The holder of an MBA in education management from Leicester, she is now awaiting official confirmation of her doctoral thesis, submitted in July to that university in fulfilment of the course Education –– Leadership And Learning.
Like any new recruit, Mayers is aiming to learn the culture of The St Michael School and will not be “venturing in like a bull in a china shop”. Instead, she is committed to listening to staffers, hearing their needs and perspectives on the school before offering her own vision for the school.
Afterwards, she hopes to work collaboratively “to shape the teaching/learning environment and seek out opportunities for professional development”. Acknowledging that this will include parents and the community, she registered her awareness of the school’s vibrant Parent-Teacher Association (PTA) and Alumni.
A proponent of evidence-based approaches to leading and management, this educator, whose interests lie in data collection, analysis of data and utilizing technology as part of her management tool, will also be looking to draw on findings contained in her thesis A Comparative Study Of High-Achieving Boys And Underachieving Boys In A Co-Educational Secondary School In Barbados.
Admitting to being stirred by the interviews she conducted, she divulged that what stood out about boys who were doing well at school was that they all credited their parents as contributing to their academic success, more so than their teachers. She noted they highlighted parental support and encouragement as critical factors in their lives; made a distinction between “nagging” and “encouragement”; and tended to respect caring parents.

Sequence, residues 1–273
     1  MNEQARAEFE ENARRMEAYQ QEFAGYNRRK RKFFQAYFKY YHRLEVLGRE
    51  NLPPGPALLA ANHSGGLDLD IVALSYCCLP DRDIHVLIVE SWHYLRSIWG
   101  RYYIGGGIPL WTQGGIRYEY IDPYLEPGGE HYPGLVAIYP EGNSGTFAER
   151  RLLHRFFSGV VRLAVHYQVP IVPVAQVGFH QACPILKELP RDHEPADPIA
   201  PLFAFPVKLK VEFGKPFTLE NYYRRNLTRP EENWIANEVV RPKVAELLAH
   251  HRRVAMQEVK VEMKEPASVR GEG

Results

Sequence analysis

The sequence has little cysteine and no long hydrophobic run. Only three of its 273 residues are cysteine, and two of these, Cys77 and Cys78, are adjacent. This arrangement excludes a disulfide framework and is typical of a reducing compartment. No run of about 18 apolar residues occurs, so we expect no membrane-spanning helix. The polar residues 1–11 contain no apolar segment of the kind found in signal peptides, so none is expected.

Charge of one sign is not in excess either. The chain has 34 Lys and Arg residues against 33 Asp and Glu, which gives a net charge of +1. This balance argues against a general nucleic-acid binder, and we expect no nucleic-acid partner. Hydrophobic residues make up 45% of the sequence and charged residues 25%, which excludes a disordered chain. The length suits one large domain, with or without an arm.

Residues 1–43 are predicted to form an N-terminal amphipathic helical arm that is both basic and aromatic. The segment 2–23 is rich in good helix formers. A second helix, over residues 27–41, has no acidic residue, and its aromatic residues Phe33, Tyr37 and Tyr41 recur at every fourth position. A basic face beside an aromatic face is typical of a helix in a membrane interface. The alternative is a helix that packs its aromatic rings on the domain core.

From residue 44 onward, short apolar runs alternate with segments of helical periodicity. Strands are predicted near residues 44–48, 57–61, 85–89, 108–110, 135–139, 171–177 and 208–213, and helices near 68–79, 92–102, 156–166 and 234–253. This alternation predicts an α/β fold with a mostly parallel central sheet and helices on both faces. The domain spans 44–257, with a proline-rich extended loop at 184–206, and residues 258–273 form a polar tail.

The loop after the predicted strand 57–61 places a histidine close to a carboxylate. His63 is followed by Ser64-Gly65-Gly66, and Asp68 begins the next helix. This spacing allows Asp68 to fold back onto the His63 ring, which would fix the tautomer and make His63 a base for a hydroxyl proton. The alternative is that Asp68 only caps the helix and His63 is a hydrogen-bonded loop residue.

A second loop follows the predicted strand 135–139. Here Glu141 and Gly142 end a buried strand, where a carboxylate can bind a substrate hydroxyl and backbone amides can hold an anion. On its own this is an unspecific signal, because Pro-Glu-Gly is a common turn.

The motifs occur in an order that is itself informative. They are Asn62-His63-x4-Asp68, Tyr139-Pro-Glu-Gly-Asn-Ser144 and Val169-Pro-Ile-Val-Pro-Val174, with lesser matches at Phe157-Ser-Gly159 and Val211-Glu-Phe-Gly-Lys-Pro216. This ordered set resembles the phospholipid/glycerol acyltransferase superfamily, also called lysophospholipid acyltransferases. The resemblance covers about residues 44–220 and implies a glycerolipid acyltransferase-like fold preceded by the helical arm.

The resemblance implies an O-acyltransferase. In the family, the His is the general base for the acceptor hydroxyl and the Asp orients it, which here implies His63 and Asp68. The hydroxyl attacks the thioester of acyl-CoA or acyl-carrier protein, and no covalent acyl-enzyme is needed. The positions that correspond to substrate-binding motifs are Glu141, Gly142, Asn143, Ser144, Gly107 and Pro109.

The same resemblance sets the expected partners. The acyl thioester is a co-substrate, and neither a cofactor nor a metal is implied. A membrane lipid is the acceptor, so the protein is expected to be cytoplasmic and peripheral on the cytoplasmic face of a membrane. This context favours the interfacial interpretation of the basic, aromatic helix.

“This is an important point which PTAs should take on board, as together we seek to wrestle with issues within the teaching/learning environment,” she stated.
Maintaining she had addressed the case of boys, as they were deemed not to be doing as well as girls, she said the deliberate focus on underachieving boys, and not lower achieving boys, obviously suggested they possessed the competence, but were simply not rising to the occasion or their standard. This apart, the new principal has vowed to sit with both genders at The St Michael School and “listen to what students are feeling as individuals and as a group and continue to provide opportunities for them to lead and contribute to the school”.
As she moves on from the Church Hill, Christ Church school, there are other fond memories she will be carrying with her, some coming as recently as this year. Alluding to the school’s successes, particularly in physics and mathematics, subjects dear to her, she praised the hard work put in by the principal and teachers.
She also expressed the view that having a sixth form had given the school the recognition it deserved, since in the years when there was none and when Scholarships and Exhibitions were announced “there were always former students of Foundation listed among the ranks”.
And, she lauded Cheryse Greenidge, whose Scholarship came 60 years after Robert “Bobby” Thomas had won one at the “unsanctioned” sixth form in 1954, and in the 205th year of the school’s life.
“Cheryse is an example of a student who has complete faith in the faculty of Christ Church Foundation School and who has remained loyal and faithful to her school. I am so proud of her! But while we speak of Cheryse, there is also Richelle Haynes, who went on to Queen’s College and gained an Exhibition, and others who have gained Grade 1s and have also done well at CAPE,” she declared.